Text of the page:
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The steady momentum to free Syria

Even other Arab dictators and Turkey are now fed up with Assad's brutality against protesters. The case for regime change builds as more Syrians stand bravely for freedom.

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It’s hard to keep a good idea – like liberty – down. But Syrian leader Bashar al-Assad has certainly tried.

Over months of protests almost every day, he has used everything from bullets to Internet censorship to cutoffs of food to end an uprising that seeks freedom from his family’s 42 years in power.

Even other Arab dictators are embarrassed. The 22-member Arab League sent a delegation to see Mr. Assad on Wednesday. It demanded an end to the crackdown by Oct. 31 or else Syria might be thrown out of the league. It also wants Assad to agree to “the people’s demands.”

For neighboring Turkey, it’s gone beyond embarrassment. Ankara has turned on its neighbor, reportedly hosting armed Syrian militia fighting against Assad.

In most Syrian cities, a wellspring of opposition has pushed the regime to absurd reactions. This week, for example, thousands of merchants closed their shops nationwide in a general strike. What did the military do? It used force to open the shops – as if merchants would then simply conduct their business.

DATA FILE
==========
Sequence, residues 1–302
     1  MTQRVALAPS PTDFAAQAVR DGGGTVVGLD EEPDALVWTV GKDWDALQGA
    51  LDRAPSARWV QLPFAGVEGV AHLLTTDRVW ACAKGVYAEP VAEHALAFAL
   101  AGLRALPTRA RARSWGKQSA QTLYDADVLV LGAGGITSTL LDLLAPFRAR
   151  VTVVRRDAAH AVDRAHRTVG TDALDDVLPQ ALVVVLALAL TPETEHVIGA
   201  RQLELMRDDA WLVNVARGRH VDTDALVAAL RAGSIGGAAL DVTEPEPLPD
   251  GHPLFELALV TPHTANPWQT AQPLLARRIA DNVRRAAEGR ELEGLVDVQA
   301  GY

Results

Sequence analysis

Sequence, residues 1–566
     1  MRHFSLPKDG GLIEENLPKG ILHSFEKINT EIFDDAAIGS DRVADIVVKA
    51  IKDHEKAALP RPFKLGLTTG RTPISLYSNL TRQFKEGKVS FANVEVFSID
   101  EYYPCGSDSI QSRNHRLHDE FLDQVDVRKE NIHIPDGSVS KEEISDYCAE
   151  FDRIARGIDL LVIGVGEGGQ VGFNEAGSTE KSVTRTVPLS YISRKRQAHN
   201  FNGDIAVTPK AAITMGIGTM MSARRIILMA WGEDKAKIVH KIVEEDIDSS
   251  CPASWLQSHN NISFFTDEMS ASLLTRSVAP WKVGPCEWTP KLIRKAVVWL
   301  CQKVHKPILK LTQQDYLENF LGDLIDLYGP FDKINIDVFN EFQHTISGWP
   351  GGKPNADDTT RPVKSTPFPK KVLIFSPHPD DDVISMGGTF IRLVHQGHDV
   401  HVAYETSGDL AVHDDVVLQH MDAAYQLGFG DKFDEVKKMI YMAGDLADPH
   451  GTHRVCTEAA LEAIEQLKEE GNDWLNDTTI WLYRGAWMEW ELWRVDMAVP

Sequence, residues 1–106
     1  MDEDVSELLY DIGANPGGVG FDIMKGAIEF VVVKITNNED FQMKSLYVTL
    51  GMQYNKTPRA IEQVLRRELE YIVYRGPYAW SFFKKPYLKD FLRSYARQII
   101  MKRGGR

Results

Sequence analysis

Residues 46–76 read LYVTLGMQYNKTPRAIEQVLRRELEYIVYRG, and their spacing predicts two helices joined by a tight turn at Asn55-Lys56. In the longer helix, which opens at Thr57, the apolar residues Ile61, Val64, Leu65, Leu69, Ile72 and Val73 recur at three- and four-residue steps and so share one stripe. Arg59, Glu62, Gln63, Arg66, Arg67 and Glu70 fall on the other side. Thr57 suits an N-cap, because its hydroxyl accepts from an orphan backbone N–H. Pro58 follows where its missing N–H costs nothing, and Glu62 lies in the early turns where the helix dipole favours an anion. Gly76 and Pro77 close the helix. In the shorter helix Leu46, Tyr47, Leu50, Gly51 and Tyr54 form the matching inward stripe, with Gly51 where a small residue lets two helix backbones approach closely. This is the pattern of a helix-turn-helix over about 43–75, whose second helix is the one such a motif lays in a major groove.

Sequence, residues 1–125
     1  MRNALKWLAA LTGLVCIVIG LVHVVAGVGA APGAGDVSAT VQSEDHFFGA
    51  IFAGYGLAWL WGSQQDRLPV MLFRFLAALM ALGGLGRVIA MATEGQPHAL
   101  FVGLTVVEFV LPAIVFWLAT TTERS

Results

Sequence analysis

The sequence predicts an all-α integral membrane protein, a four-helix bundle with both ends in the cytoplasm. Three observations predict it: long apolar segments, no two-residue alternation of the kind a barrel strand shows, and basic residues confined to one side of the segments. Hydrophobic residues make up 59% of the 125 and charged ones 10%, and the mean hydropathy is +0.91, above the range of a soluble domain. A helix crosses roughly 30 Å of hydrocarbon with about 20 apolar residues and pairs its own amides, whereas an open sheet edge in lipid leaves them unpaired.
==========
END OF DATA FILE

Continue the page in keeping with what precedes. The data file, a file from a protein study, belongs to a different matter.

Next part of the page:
The Army’s foot soldiers are kept in the dark about the extent of the protests. Those who refuse to shoot their own citizens are themselves killed on the spot. In Washington, a Syrian agent was caught sending recordings of protests in the United States for use in targeting their families back home.

Assad lost even more foreign support this week after a smear campaign in the state media against American Ambassador Robert Ford forced him to leave the country out of concern for his life.

Step by step, as more Syrians accept the possibility of a new reality for themselves, the regime fumbles, exposing the bankruptcy of its claim to rule by force and fiat. A once-spontaneous uprising has now begun to coalesce into a single organized body, the Syrian National Council.


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